Andres Oppenheimer | Miami Herald
President Bush’s honeymoon with Mexican-American and Cuban-American voters has come to an abrupt end. All of a sudden, Bush will face a tougher time than previously thought to win a sizable portion of the 6.5 million Hispanic voters who pollsters say will be critical in next year’s election.
Two unrelated events—the Republican vote in Congress to regulate the ID cards issued by Mexican consulates in the United States, and the administration’s decision to return to Cuba 12 suspected boat hijackers who tried to flee the island—have drawn angry reactions from Hispanic leaders.
Mexican-American community leaders were infuriated by the House of Representatives’ July 16 approval, with nearly solid Republican support, of an amendment demanding greater U.S. scrutiny of the more than one million ID cards issued by Mexican consulates to help undocumented workers open bank accounts or get access to local government services.
More than 100 U.S. banks are accepting these cards, as well as dozens of local governments. Among other things, the ID cards have helped undocumented workers avoid carrying cash and becoming easy targets for muggers, and to make bank money transfers to their relatives in Mexico without paying exorbitant commissions to shady remittance companies.
‘‘There is a lot of apprehension about this measure,’’ said Arturo Vargas, head of the National Association of Latino Elected Officials (NALEO), which groups about 4,700 elected Latino officials around the country, referring to the House vote.
Harry Pachon, director of the Tomas Rivera Institute, a think tank on Latino issues with the University of Southern California, said the measure “will raise suspicions that there still is an anti-immigrant strain in the Republican Party.’‘
Mexican Americans, who make up about 60 percent of the U.S. Latino vote, used to vote for the Democratic Party by more than 80 percent. But Bush, a former Texas governor who speaks some basic Spanish—managed to win a record 35 percent of the Mexican-American vote in the 2000 election.
Bush’s decision to return the 12 suspected hijackers to Cuba drew an even more outraged response from Cuban-American leaders.
‘‘This will cost them,’’ said Jorge Mas Santos, chairman of the Cuban American National Foundation, the best-known Cuban exile lobbying group, in a speech last weekend.
Foundation Executive Director Joe Garcia says Bush’s decision to return the 12 Cubans only a few weeks after Cuban dictator Fidel Castro executed three people for trying to hijack a boat to flee the island ‘‘goes far beyond’’ former President Bill Clinton’s policy of returning Cuban rafters caught at sea.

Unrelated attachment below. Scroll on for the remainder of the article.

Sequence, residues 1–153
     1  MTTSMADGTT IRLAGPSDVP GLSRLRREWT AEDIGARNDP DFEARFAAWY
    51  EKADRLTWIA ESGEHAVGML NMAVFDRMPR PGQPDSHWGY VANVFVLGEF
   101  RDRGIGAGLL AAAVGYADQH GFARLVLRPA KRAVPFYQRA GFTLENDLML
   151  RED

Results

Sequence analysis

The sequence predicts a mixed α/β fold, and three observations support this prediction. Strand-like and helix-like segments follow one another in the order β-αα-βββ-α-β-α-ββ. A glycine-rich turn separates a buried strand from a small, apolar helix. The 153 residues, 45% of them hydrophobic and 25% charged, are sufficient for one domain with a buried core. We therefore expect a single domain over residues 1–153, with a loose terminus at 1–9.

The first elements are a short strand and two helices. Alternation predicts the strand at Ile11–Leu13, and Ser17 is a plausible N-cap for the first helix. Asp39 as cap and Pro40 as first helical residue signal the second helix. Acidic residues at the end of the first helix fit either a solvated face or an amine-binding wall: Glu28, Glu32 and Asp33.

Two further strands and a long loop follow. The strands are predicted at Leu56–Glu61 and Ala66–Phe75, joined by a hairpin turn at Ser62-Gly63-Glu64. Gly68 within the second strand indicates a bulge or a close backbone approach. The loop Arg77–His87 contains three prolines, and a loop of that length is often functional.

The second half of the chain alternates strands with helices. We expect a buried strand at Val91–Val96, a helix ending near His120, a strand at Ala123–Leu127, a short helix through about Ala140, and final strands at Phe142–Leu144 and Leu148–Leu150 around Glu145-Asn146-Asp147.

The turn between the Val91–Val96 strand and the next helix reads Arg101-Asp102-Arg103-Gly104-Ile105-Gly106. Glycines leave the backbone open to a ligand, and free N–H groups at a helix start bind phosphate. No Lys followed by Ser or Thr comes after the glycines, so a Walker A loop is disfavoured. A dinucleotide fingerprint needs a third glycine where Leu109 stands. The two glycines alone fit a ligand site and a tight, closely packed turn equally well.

Under Clinton’s policy, rafters caught before they reached U.S. shores were returned to Cuba and set free on the island under U.S. supervision, Garcia said. What Bush did now, by getting Cuban government assurances that the 12 boaters would not get more than 10-year prison terms, amounts to ‘‘negotiating jail terms with a country that our own State Department lists as a terrorist state,’’ Garcia said.
While Cuban-American voters represent only 7 percent of the Hispanic vote, they are seen by many pollsters as a key bloc that Bush would need to win Florida and New Jersey in next year’s presidential election. In 2000, Bush won 80 percent of the Cuban-American vote.
‘‘If the Republicans don’t get 80 percent of the Cuban-American vote, they get in trouble. That has always been the case and is still so,’’ said Dario Moreno, a Florida International University pollster specializing in the Cuban-American community. “The Democrats are strong in Florida. There are 300,000 more Democrats than Republicans in the state.’‘
Democrats, of course, are making the most of Bush’s new troubles with Hispanics. In Congress, they called the Republicans’ vote on the ID cards ‘‘anti-Hispanic,’’ and Democratic Sen. Joseph Lieberman, campaigning in South Florida, called the decision on the Cuban boaters an “abandonment of American values.’‘
What are the Republicans saying? They are changing the subject, which makes me think they know they have a Hispanic problem. When I asked Chad Colby, a spokesman for the Republican National Committee, whether the ID cards and the boaters crisis had brought Bush’s honeymoon with Hispanic voters to an end, he said that ‘‘in the large spectrum,’’ Bush is providing better education standards, more housing and more tax cuts to Hispanics, and that “those are things that they’re going to look towards.’‘
My guess? We will soon see Bush sending love letters to Mexican President Vicente Fox—who has been in Bush’s doghouse since he opposed the war on Iraq—and other Latin American leaders, and he may do something about Cuba, such as increasing funds for TV Mart� and Radio Mart� broadcasts to the island. The honeymoon is over, and I don’t see Bush resigning himself to losing the Hispanic vote.